NBC Today host Katie Couric failed to question Republican strategist Mary Matalin regarding remarks she and other surrogates of Vice President Dick Cheney previously made absolving him of blame in the accidental shooting of his hunting companion, despite Cheney's admission that he was solely to blame for the accident.
Following Vice President Dick Cheney's exclusive February 15 interview with Fox News' Brit Hume, the media widely reported that he took "full responsibility" for accidentally shooting Harry Whittington while hunting. But numerous news outlets have ignored that Cheney's acceptance of responsibility contradicts his friends' prior statements that Whittington was to blame.
Bill O'Reilly attacked The New York Times' Maureen Dowd for criticizing the White House and Vice President Dick Cheney in her latest column because, O'Reilly said, Dowd "claims the White House is blaming the guy who got shot." In fact, as Dowd wrote, "[White House press secretary] Scott McClellan told the White House press corps that Katharine Armstrong, a lobbyist with government ties who owns the Texas ranch ... 'pointed out that the protocol was not followed by Mr. [Harry] Whittington when it came to notifying the others that he was there.' "
A February 15 USA Today article suggested that criticism of Vice President Dick Cheney's decision to withhold information concerning his accidental shooting of a hunting companion came only from Democrats. But a separate article in the same edition of USA Today noted that the conservative National Review was also critical of Cheney's handling of the shooting, and other newspapers also have quoted conservatives and Republicans criticizing the vice president.
Reporting on Vice President Dick Cheney's admission that he had consumed "a beer at lunch" prior to accidentally shooting a hunting companion, numerous media outlets failed to report that Cheney's admission contradicted earlier statements by Katharine and Anne Armstrong, co-owners of the ranch where the accident occurred, who had said that Dr. Pepper was served with lunch and "heavily implied," according to The New York Times, that "no alcohol was served at all."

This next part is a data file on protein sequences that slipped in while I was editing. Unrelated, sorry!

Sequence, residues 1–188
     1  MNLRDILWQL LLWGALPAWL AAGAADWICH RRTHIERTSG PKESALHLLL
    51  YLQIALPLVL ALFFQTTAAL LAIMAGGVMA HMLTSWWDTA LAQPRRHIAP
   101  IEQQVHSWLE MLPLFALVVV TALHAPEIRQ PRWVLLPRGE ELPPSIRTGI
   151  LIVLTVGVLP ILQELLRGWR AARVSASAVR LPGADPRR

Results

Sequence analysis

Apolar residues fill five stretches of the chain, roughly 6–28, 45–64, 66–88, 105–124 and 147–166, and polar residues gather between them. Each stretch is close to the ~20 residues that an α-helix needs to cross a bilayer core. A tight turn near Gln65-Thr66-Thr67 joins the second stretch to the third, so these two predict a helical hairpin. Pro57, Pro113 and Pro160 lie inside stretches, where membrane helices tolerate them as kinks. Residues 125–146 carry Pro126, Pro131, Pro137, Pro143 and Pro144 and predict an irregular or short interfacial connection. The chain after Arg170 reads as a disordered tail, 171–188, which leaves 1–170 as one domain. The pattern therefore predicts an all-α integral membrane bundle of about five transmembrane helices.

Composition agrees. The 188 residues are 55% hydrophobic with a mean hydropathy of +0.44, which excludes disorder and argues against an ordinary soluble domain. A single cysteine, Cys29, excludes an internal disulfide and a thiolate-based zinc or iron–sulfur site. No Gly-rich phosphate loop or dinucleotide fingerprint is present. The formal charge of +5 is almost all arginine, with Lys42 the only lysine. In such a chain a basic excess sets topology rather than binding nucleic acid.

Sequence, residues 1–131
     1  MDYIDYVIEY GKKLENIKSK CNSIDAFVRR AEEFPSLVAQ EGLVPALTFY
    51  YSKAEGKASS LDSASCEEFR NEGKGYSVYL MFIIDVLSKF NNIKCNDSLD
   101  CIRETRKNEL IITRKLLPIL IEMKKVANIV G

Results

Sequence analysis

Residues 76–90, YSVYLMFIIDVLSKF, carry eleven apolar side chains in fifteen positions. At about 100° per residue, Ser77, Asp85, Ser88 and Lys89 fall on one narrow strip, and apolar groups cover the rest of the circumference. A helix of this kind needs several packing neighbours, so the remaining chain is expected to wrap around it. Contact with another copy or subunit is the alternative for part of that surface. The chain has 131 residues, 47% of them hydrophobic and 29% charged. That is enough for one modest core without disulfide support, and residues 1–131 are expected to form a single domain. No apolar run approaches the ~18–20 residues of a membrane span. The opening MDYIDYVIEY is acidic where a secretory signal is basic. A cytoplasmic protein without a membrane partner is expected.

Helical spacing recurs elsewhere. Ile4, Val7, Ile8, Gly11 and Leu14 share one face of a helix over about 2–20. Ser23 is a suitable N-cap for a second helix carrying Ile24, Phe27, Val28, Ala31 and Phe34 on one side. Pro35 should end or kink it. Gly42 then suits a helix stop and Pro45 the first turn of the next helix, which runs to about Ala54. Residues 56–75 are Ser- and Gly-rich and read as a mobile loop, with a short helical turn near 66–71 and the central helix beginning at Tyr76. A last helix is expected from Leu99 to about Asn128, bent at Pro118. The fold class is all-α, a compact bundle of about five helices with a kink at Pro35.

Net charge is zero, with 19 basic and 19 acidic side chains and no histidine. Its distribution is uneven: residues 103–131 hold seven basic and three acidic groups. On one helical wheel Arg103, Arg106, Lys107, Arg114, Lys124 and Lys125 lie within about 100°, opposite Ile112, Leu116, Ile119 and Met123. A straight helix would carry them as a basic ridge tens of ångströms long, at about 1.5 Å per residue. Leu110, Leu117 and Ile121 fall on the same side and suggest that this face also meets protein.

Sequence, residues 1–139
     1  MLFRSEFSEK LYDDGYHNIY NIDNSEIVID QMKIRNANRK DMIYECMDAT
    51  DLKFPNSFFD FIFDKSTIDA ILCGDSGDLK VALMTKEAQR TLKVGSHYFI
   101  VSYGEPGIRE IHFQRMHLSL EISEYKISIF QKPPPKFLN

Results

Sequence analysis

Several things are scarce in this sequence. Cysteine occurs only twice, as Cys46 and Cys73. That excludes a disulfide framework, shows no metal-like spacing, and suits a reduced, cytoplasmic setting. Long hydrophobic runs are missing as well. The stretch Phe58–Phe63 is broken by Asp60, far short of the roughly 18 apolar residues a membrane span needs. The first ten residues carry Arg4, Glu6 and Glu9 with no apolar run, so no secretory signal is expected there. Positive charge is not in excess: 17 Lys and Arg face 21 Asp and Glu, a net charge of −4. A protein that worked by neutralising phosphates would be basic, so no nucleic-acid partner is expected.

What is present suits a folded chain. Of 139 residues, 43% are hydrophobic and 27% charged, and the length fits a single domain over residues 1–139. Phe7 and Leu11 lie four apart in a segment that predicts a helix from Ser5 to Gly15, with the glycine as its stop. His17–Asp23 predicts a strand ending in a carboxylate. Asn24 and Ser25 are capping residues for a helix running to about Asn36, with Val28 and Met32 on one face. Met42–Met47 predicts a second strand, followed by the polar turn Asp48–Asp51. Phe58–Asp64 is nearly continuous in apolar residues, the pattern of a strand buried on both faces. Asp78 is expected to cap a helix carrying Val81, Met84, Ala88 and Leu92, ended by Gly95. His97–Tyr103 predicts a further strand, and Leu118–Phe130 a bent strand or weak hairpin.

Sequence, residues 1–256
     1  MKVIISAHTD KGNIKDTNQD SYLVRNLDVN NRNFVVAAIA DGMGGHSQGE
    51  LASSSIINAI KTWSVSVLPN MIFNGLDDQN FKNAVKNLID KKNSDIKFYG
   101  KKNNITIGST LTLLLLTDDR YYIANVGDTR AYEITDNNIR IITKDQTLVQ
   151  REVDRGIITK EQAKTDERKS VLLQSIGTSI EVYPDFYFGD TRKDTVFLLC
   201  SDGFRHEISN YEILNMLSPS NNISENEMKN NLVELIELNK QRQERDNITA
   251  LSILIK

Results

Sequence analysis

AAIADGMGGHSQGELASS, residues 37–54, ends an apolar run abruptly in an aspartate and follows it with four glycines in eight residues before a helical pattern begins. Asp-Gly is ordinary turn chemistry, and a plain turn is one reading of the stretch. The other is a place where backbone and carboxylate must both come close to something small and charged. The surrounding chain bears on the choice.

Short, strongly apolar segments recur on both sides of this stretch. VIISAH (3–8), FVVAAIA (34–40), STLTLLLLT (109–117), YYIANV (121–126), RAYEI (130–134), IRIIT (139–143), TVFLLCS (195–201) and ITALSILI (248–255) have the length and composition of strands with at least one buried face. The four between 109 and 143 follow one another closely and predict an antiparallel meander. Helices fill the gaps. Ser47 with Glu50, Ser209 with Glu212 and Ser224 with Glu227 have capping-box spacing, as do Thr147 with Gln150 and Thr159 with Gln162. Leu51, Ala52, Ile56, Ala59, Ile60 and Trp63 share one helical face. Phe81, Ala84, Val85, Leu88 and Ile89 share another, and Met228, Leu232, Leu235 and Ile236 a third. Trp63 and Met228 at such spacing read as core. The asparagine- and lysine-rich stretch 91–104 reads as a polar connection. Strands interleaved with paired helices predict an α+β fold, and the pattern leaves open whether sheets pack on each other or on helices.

In airing Brit Hume's interview with Vice President Dick Cheney, Fox News omitted Cheney's comments about drinking a beer the day he shot his hunting companion. Fox News even excluded the comments from what it said was the "full interview" posted on its website.
On CNN's Live From..., anchor Kyra Phillips and White House correspondent Suzanne Malveaux reported that, in an interview conducted with Fox News that day, Vice President Dick Cheney accepted full responsibility for accidentally shooting Texas attorney Harry Whittington during a February 11 hunting expedition. However, both Phillips and Malveaux failed to note that Cheney reportedly has been telling friends privately that Whittington was at fault and that Katharine Armstrong, whom he had designated to report the incident to the media, blamed Whittington for the accident.
Media reports regarding when the Kenedy County Sheriff's department actually interviewed Vice President Dick Cheney have varied widely and have sometimes conflicted, a fact that the media themselves have largely ignored.